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AFC is talking playoffs

The dominant theme of the Bills’ draft – aside from Florida State becoming a de facto minor-league affiliate – was Buffalo’s attempt to keep pace with developments inside the AFC East.

General manager Doug Whaley mentioned the division after both his picks on Friday night, at one point making a reference to the “arms race” of accumulated talent among the Bills’ three chief rivals.

A team is always trying to upgrade at positions of need, of course. But those needs become even more pronounced when your divisional rivals are making major upgrades in their own weapons systems.

The Dolphins, already under going a major overhaul in its receiving corps, added a dynamic wide receiver, DeVante Parker, with the 14th overall pick. So there was even more of a reason for the Bills to grab cornerback Ronald Darby with pick No. 50.

The Bills had an obvious need at guard. Then Leonard Williams, a defensive tackle regarded by many experts as the single best talent in the draft, fell to the Jets with the sixth overall pick.

The Patriots got a perceived steal when another defensive tackle, Malcom Brown, was available with the 32nd and last pick of the first round. Whaley was sure to mention those interior line moves when he took guard John Miller with the 81st overall pick.

Four months from the start of the new season, the AFC East is shaping up as the most improved division, and maybe the best, in the NFL. When you consider all the star power that’s come into the division recently, it is certainly the most interesting.

Rex Ryan alone makes the AFC East a compelling story line, and a potential soap opera. The Bills have two games against Ryan’s old team, the Jets, and two against the team he burns to beat, the Patriots. That’s four intense rivalry weeks right there.

But the Dolphins should be much improved. Remember, they beat the Bills soundly last year in a key Thursday night game. They slipped to 8-8, but quarterback Ryan Tannehill threw for 4,045 yards and 27 TDs. In the last nine weeks, he completed 70 percent of his passes.

So the old Miami-Buffalo rivalry could be reignited. The addition of Ndamukong Suh, perhaps the best defensive tackle in the NFL, can’t hurt. Suh will do wonders for Miami’s shabby run defense. He was the main reason Detroit led the NFL in fewest yards per rush a year ago.

Given two chances, you have to assume Suh will find a way to become the most hated Dolphin here since Bryan Cox. He actually showed up to Dolphins’ voluntary camp, but he’s still a ticking time bomb.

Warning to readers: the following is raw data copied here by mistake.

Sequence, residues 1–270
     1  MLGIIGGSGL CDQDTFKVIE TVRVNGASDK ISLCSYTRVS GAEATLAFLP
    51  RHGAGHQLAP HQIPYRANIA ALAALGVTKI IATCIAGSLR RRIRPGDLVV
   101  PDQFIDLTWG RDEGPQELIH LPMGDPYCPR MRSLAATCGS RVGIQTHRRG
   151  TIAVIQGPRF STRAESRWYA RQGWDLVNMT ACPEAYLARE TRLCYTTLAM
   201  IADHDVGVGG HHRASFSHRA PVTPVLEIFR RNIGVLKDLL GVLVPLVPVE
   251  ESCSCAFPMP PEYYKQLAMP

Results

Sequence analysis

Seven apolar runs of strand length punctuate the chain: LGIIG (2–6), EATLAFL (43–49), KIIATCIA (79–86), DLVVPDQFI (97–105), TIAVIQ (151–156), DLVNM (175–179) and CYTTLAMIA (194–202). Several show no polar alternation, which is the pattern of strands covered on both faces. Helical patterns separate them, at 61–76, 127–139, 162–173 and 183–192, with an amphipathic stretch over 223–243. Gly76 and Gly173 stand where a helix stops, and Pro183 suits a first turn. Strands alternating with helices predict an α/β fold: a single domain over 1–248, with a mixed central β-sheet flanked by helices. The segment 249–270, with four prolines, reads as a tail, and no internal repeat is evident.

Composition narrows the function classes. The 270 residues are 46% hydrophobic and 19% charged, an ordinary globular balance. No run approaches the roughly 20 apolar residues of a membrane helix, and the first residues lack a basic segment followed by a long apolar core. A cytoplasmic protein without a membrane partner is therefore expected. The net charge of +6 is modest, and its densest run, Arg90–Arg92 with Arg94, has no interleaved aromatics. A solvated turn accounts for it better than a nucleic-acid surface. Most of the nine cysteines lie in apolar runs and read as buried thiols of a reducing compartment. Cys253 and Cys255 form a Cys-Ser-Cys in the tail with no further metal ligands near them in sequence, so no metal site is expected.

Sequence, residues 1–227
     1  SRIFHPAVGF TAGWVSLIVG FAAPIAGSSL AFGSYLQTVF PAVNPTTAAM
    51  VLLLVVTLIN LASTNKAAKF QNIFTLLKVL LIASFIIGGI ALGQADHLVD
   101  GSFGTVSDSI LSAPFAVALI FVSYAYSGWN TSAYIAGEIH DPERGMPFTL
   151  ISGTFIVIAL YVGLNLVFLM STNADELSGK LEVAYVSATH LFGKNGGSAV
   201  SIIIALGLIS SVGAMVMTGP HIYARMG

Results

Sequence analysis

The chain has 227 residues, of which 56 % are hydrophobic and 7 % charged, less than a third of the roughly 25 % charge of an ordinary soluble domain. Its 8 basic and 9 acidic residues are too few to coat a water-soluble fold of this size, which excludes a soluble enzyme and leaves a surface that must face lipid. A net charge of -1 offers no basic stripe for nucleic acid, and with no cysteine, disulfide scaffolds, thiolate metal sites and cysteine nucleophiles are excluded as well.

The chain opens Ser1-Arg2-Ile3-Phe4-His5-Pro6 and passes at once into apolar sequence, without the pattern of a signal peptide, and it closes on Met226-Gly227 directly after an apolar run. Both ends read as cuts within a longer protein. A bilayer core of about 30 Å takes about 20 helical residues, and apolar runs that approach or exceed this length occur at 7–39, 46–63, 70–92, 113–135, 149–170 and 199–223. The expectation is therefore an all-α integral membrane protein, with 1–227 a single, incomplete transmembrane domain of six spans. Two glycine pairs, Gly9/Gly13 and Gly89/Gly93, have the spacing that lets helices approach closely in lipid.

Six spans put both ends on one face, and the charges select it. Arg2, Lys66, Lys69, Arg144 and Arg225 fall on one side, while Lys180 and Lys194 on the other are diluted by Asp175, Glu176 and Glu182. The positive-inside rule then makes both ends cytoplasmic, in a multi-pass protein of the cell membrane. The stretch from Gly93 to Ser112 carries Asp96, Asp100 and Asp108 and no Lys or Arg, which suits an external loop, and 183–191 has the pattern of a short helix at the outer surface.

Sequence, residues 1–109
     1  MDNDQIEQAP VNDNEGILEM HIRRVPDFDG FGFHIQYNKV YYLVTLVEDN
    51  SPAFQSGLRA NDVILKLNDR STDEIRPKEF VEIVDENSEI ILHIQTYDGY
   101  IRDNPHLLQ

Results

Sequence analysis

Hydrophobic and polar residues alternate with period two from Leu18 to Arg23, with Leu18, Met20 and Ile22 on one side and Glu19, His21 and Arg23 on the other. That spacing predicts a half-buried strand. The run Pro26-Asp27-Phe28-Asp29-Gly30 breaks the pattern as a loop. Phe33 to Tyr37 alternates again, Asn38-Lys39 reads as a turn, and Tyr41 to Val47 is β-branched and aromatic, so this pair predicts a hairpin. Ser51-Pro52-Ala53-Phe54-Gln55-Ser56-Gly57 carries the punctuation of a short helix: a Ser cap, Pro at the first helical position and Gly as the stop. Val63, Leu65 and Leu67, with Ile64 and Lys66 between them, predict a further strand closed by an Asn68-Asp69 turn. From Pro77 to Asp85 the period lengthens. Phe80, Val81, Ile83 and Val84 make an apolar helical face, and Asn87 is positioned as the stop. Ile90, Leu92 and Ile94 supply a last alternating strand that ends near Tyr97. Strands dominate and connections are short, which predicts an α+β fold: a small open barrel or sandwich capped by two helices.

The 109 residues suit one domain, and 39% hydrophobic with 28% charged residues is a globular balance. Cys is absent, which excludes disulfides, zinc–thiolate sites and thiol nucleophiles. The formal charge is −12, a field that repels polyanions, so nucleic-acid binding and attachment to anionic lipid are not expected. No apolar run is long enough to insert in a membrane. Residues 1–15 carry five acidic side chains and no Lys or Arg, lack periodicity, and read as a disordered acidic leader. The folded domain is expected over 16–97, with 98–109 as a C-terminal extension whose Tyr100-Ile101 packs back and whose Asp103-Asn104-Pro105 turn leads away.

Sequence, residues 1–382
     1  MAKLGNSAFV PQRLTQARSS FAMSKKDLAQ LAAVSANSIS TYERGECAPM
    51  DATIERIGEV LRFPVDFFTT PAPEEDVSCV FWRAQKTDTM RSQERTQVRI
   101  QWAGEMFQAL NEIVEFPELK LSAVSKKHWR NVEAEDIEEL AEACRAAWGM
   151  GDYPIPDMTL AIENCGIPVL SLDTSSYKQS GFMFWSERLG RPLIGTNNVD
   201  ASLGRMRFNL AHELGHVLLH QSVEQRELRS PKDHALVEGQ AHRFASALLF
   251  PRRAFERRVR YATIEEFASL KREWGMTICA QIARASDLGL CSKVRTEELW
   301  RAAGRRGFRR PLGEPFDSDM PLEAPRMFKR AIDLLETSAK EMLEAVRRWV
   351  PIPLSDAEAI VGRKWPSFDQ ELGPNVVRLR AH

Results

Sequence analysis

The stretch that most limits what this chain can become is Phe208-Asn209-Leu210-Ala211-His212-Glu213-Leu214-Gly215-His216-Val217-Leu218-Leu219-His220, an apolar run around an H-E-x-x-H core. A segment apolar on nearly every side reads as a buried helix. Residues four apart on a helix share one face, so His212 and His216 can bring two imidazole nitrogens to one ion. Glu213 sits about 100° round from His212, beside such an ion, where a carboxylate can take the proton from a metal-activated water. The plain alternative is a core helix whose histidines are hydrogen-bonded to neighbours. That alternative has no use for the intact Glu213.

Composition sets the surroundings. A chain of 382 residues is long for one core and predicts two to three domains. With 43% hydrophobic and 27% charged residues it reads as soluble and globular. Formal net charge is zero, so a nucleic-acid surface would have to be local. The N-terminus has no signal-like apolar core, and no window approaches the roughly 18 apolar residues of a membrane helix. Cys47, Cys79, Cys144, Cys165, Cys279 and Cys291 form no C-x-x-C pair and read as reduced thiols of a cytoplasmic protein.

The Dolphins rebuilt their receiving corps, adding Kenny Stills, Jordan Cameron and Greg Jennings. They have a reliable second-year guy in Jarvis Landry, and now Parker comes along as yet another weapon for Tannehill as he approaches his prime.

The Jets were awful in Ryan’s final year as head coach last season. Their secondary was a shambles. But they brought back Darrelle Revis, the game’s top cornerback, for five years and $70 million.

Mike Maccagnan, the new general manager, also re-signed cornerback Antonio Cromartie for four years, $32 million. So the Jets have as dominant a cornerback tandem as there is in the NFL.

The defensive line might be the best in the sport after defensive tackle Leonard Williams, regarded by many as the top talent in the entire draft, fell to them with the sixth overall pick Thursday.

D line was already the strength of the team ends Muhammad Wilkerson and Sheldon Richardson and nose tackle Damon Harrison. The Jets play a 3-4, so something has to give. But new coach Todd Bowles is a creative defensive mind and will find ways to maximize his talent.

So it should be tougher to throw on the Jets, and no picnic running on them, either. The two Bills-Jets games should be fun, hostile, physical, and low-scoring. And the second comes in the season finale on Jan. 3, where the Bills might have something on the line.

Sure, the Jets have quarterback issues, same as the Bills. Geno Smith is still the nominal No. 1, with our old pal Ryan Fitzpatrick in the wings. If you ask me, Fitz is better than any quarterback on the Bills right now.

The Jets also traded for veteran wideout Brandon Marshall, who shares the NFL record with five years of 100 or more catches. Marshall had only 61 catches last year with the Bears. But in the seven years before that, he averaged 99 catches and 1,249 yards.

Marshall has only one guaranteed year on his contract, so he’ll be motivated to prove he has a lot left at 31. I’m guessing that Chan Gailey, the Jets’ new offensive coordinator, will find a way to get Marshall the football in his spread attack.

The Jets added a speed receiver, Devin Smith, in the second round. They drafted quarterback Bryce Petty in the fourth round. Petty is a project, but the Bills had interest in him, and it will not look good if he develops into a franchise QB down the road.

The Patriots are the team to beat – both in the division and the NFL. They’ve won at least 12 games and finished in the top four in the league in offense five years running.

Tom Brady believes he can play into his 40s, and who is going to doubt him after his stunning performance in the playoffs last season? Rob Gronkowski will be healthy from the start of the season. They’re a little thin on the O line, but we’ve heard that before.

Brown, who was seen as a top 15 pick by some experts, will replace Vince Wilfork at defensive tackle. They signed a top free agent in defensive end Jabal Sheard. Jamie Collins is one of the best young linebackers in the game, and they also get Jerod Mayo back.

As usual, it’s all about chasing the Pats. But the arms race is heating up. This could be the first time in five years that the AFC East sends two teams to the playoffs. Hey, maybe three.


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